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TVF&R

Posted on: September 16, 2015

PulsePoint Now Available to all 562,998 Citizens in Washington County

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All fire agencies in Washington County are now using the PulsePoint smartphone application to alert citizens who can help save a life with hands-only CPR.

The free PulsePoint app notifies citizens of a cardiac arrest patient nearby, directs them to the location, and guides them to perform hands-only CPR.

The agencies supporting this effort include Hillsboro Fire Department, Forest Grove Fire & Rescue, Cornelius Fire & Rescue, Washington County Fire District #2, and Gaston Fire & Rescue. Tualatin Valley Fire & Rescue has been using the app for more than two years with great success.

With PulsePoint now available in Washington, Clackamas, Multnomah, and Clark counties, more than 2 million people can access the app and see information about real-time incidents happening in their community.

Citizens who are willing to take part need to know how to perform hands-only CPR or traditional CPR, download the PulsePoint app from www.pulsepoint.org, and respond to the alerted incidents. They will only be notified of cardiac incidents in public places, not in private homes.

Additionally, the PulsePoint app can show responders the nearest public-accessible Automated External Defibrillator. The mobile app operates in real time and shows the citizen responder his/her location relative to the incident along with the address off the nearest AED. There is no obligation to respond.

As many as 300 sudden cardiac arrest calls happen each year in Washington County. CPR can double or triple a victim's chance of survival, but only 32 percent get bystander help.

Every minute CPR is delayed, the chance of survival decreases by 10 percent. Though local patients’ odds of survival are among the best in the nation, fire departments need the community's help to save more lives.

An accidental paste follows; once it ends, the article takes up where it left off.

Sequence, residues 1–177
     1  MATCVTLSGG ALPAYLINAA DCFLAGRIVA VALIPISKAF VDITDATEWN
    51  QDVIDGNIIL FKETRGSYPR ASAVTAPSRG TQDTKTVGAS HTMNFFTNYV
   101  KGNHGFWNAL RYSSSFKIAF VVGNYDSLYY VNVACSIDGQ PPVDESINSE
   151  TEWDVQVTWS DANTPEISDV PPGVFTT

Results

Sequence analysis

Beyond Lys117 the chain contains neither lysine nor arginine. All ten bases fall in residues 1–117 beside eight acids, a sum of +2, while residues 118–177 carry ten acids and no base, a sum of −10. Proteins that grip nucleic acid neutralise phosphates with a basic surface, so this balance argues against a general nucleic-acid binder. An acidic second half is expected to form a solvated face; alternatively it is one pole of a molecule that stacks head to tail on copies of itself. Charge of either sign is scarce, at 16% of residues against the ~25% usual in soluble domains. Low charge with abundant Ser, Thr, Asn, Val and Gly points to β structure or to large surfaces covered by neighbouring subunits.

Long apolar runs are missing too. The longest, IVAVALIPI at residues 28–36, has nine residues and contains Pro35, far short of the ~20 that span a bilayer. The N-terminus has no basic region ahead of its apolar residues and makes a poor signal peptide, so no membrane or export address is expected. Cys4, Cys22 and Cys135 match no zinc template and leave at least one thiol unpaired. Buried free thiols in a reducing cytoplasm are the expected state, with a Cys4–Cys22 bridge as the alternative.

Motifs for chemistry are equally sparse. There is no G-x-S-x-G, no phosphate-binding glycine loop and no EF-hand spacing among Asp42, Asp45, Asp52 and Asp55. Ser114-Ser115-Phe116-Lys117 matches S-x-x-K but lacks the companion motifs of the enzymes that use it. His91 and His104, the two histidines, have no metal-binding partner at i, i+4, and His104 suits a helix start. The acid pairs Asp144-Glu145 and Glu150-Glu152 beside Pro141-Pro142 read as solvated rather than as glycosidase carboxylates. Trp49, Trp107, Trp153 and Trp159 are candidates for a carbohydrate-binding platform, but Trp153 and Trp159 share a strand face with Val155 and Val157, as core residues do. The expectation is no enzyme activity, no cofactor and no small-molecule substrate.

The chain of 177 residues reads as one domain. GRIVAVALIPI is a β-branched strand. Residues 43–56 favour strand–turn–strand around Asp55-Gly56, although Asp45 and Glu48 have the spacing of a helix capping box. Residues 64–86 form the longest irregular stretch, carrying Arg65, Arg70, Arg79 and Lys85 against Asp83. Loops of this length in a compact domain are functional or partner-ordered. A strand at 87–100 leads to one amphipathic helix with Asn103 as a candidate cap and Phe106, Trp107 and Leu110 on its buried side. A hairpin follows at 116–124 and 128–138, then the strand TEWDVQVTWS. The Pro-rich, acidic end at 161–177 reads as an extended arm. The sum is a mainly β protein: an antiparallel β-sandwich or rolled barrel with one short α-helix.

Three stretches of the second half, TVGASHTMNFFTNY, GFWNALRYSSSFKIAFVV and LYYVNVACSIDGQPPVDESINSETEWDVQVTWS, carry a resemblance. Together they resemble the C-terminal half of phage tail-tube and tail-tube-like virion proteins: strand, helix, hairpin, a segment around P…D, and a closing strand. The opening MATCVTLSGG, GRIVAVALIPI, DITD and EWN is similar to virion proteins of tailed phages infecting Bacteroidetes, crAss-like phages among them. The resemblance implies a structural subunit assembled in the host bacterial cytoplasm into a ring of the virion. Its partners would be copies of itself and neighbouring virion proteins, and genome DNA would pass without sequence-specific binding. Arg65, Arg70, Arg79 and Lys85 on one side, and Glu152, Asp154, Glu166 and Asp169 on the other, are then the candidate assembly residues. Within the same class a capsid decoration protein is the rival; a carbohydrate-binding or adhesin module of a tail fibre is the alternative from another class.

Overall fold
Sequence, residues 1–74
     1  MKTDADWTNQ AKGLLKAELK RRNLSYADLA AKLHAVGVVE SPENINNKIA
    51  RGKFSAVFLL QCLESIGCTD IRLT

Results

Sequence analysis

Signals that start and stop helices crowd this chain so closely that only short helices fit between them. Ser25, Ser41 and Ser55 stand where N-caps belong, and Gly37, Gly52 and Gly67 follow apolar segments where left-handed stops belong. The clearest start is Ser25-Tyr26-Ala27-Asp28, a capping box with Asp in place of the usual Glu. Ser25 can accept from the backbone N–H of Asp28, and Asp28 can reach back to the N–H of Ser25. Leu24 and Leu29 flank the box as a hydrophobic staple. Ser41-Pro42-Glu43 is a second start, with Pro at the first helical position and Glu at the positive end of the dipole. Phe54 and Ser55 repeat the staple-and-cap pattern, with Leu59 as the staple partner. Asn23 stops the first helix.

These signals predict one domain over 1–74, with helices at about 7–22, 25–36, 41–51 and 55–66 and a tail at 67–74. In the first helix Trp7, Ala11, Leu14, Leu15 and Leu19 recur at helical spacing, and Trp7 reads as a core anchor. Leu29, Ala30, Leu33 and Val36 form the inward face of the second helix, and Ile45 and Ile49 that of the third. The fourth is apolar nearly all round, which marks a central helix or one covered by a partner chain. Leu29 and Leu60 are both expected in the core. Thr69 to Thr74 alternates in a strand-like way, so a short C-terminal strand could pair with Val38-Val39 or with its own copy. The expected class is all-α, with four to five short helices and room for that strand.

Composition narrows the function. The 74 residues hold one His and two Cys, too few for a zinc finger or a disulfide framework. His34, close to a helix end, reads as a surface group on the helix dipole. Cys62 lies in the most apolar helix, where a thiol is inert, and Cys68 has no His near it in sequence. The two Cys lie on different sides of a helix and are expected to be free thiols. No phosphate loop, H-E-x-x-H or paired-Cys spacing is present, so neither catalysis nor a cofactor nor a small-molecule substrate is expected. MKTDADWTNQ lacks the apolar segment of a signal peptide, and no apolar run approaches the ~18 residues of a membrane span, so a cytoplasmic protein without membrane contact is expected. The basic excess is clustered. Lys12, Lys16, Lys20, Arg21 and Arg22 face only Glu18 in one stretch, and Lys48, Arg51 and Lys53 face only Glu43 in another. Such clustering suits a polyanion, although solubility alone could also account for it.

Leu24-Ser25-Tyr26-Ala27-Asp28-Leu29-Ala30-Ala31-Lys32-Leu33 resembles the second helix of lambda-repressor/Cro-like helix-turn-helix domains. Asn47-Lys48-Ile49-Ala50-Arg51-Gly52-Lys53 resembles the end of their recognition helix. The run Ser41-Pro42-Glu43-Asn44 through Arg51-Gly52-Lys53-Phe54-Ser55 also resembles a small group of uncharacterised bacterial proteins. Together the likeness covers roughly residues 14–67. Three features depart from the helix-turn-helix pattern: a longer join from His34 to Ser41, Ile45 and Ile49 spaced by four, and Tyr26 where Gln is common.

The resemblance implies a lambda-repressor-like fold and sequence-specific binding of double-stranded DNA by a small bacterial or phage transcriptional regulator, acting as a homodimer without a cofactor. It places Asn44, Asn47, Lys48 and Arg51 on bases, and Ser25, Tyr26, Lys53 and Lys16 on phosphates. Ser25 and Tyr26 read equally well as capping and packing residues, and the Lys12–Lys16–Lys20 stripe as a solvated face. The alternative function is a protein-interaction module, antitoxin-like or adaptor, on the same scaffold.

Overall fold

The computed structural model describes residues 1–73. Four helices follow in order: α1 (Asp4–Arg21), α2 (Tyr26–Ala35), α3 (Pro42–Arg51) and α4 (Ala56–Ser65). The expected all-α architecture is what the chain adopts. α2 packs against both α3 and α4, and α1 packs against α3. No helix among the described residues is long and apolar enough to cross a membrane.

How does PulsePoint allow me to help?
Following a call to 911, the app uses sophisticated location-based services to alert citizens of the need for CPR in a public place.

What other information does the PulsePoint App provide?
The PulsePoint app also provides a virtual window into fire departments’ activity. Users can view active incidents and dispatched units, and pinpoint incident location on an interactive map. Users also can choose to be notified of incidents by type and monitor emergency radio traffic via this modern version of the traditional fire scanner.

The app seeks subscribers who are “CPR Trained.” Does that mean I have to take a CPR class or be certified in CPR?
In 2008, the American Heart Association announced that performing Hands-Only CPR (no mouth-to-mouth breathing) can help sustain an adult in cardiac arrest until paramedics arrive. Research shows that individuals still have ample air in the lungs and blood, and Hands-Only CPR keeps oxygenated blood flowing to the brain, heart, and other organs until emergency responders arrive and take over.

I have heard a lot about AEDs. Do they really make a difference?
For each minute that passes without defibrillation, a sudden cardiac arrest victim’s chance of survival decreases by 10 percent. The most common cardiac arrest has the potential to be converted by an electrical shock delivered by an AED. Firefighter EMTs/Paramedics respond with advanced life support drugs and a defibrillator to every medical call. Public access AEDs are simple and easy to use and can administer lifesaving shock even before emergency responders arrive. If your business has an AED that can be used by the public, ensure it is in the PulsePoint database by emailing AED@tvfr.com.

If I download the PulsePoint app, am I required to respond?
There is no requirement to respond. However, statistics show that only about 25 percent of cardiac arrest victims receive bystander CPR and defibrillation. Over 300,000 people die every year from sudden cardiac arrest. The goal of the app is to engage the community so more lives can be saved.

Does the company that makes the app store data or information about me?
No personal information is collected or stored. The devices are known by an anonymous token ID (for the notification/settings) if users opt-in to notifications. Current device location may be known, but location history is not stored. Users have the option of providing an email address on a survey response.

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